Going from a twinkle in someone’s eye to a company potentially worth $300-350 million is a tall order for any media business. But to have grown to that position in little over a decade is particularly notable – and suggests the company has struck upon something fairly fundamental about human nature along the way.

Mashable appears to have done just that. Ken Doctor reported back in December that the tech-focused general news site was shopping around for a buyer, though it also noted that insiders claim a $250 million sale is looking more likely.

The Wrap points out that that’s a fair step up from the valuation of Mashable even at the start of last year, saying:

“In January, Mashable was valued at $180 million, and Politico says insiders familiar with the potential sale caution it could sell for closer to $250 million.” 

So why is a generalist news site like Mashable commanding such a huge number? Even with the enormous valuations for digital properties last year, it seems to defy the accepted wisdom that only niches and the true giants can succeed in the new digital environment.

And yet, as founder Pete Cashmore told an audience at Digital Media Strategies, Mashable has been consistently profitable (or thereabouts):

So what about Mashable’s proposition makes analysts believe it can fetch a few hundred million dollars?

The key point to remember is that Mashable was among the first media companies to truly embrace distributed content and the attendant benefits of sponsored content.

The main Mashable Twitter account has just shy of 6.5 million followers, while its Facebook account has 3,334,000 at the time of writing. It also has region and vertical-specific accounts in the geographies in which it’s launched, although these typically have far less followers than the main account.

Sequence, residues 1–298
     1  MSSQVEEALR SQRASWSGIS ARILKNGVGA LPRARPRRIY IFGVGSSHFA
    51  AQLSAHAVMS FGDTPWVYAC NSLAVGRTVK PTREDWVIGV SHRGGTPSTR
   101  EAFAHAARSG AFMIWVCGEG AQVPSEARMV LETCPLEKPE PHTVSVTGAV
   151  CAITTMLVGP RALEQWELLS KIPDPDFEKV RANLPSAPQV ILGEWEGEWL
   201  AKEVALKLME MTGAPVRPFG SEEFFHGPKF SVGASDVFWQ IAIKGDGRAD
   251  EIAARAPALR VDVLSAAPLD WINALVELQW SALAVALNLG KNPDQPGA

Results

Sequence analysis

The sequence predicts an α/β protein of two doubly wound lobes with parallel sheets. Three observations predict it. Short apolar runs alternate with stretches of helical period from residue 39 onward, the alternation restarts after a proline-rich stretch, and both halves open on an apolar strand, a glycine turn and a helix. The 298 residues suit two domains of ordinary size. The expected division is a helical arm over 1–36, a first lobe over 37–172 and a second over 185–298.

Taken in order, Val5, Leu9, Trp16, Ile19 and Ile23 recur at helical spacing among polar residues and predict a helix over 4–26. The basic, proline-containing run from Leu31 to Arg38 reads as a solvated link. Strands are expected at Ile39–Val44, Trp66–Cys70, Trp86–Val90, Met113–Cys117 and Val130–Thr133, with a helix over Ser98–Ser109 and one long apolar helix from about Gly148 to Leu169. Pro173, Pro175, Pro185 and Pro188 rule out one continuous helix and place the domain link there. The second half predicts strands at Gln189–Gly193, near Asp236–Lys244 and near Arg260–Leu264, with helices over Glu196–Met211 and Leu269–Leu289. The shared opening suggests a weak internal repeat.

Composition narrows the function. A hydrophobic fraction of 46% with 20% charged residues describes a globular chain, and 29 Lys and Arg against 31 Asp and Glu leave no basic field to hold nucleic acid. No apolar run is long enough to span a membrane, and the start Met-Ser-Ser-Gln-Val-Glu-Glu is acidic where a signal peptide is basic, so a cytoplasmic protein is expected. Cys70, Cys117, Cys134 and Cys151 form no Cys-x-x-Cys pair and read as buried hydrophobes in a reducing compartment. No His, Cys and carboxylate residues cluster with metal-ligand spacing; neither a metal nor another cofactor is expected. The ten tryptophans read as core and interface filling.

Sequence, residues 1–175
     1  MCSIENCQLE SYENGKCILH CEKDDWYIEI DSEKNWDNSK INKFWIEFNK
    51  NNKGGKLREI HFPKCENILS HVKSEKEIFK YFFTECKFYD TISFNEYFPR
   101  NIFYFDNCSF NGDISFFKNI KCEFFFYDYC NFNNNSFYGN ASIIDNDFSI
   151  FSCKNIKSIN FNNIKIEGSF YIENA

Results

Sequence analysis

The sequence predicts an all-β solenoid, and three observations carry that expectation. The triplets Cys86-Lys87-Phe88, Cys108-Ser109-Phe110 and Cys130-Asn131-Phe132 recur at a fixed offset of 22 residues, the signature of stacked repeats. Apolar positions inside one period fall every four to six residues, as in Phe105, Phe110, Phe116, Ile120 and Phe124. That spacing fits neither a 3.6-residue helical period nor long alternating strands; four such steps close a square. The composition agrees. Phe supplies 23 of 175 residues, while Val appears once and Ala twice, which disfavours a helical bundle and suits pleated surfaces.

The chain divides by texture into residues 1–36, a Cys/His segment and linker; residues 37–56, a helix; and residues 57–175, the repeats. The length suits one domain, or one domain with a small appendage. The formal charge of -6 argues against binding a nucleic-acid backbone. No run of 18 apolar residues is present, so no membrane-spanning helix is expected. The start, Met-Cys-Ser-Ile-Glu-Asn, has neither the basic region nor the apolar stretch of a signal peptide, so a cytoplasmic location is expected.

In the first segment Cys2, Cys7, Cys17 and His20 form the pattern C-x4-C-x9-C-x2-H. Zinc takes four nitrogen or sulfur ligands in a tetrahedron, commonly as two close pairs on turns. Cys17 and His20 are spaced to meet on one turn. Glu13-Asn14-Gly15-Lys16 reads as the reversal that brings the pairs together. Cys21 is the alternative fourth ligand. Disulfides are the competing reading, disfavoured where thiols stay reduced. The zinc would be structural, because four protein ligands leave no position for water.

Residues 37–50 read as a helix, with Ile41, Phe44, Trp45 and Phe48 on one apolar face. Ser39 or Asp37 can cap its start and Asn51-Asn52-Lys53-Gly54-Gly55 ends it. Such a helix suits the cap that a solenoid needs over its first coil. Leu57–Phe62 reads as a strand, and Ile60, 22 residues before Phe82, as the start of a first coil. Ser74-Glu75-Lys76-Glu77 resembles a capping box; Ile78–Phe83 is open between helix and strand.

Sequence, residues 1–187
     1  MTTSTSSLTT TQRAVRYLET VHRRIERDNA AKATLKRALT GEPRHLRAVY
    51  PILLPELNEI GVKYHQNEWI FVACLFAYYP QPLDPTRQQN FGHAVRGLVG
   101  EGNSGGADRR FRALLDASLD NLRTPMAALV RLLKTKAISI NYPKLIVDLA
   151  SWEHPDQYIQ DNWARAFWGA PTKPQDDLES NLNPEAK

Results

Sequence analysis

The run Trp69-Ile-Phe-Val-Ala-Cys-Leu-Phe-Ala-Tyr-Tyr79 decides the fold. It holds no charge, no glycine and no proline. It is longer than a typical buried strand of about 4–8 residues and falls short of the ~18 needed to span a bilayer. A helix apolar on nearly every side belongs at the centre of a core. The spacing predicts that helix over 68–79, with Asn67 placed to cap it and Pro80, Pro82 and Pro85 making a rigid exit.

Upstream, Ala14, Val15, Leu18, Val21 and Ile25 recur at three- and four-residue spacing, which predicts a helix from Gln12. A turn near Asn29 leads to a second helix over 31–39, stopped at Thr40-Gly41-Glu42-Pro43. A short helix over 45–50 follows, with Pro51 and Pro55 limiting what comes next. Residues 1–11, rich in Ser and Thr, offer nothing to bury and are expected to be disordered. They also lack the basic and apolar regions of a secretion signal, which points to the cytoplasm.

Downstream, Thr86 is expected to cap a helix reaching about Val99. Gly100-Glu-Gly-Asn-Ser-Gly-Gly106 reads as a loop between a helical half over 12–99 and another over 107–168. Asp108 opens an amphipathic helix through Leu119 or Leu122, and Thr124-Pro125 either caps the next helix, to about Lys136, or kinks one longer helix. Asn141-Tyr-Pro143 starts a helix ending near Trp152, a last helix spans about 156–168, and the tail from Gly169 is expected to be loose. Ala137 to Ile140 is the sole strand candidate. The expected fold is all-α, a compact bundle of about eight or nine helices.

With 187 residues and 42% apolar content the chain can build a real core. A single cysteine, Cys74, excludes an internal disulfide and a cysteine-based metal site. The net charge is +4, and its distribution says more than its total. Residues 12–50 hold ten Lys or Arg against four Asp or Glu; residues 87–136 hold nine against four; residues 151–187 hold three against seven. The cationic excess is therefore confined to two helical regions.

To put that in perspective, the main BuzzFeed Twitter account has 2.5 million followers, while its Facebook account has just shy of 6 million at time of writing. It’s clear that Mashable is putting social media at the heart of its strategy.

It’s why Seth Rogin, Mashable’s CRO, states:

“The intersection between mobile and social is key.

“That instantaneous use case demands that we know things before the rest of the world. I’m training you to know, as my reader, that we are the provider of the the most innovative content. We’re using technology and data to empower that.” 

 

And it’s the following quote from Seth Rogin (quite apart from his early comments about revolutionising a business model that chimes with our bunker-busting piece from Monday) that indicates why Mashable might be seen as such a good investment:

“If a brand is speaking to you on Mashable, we call it a brandspeak. We want to be clear.

“Why? Because the only asset we have that matters in the end is the trust of our readers… I don’t think that a reader knows what the word ‘native’ means, and if they do I don’t think they care.” 

Mashable’s huge social reach, combined with its focus on providing a safe environment for brands to speak directly to those huge audiences, is something many publishers are striving for – and Mashable happens to be quietly ahead of the curve in that respect.

Despite that, there are indications that Mashable is likely to have missed its revenue targets for the past year – and more worryingly that its user growth is actually slowing. 

So Mashable’s strong valuation is largely because it got in on the ground floor of the new revenue opportunities that distributed content allowed – the issue now is whether there’s a hard limit to the amount of money that can be made that way.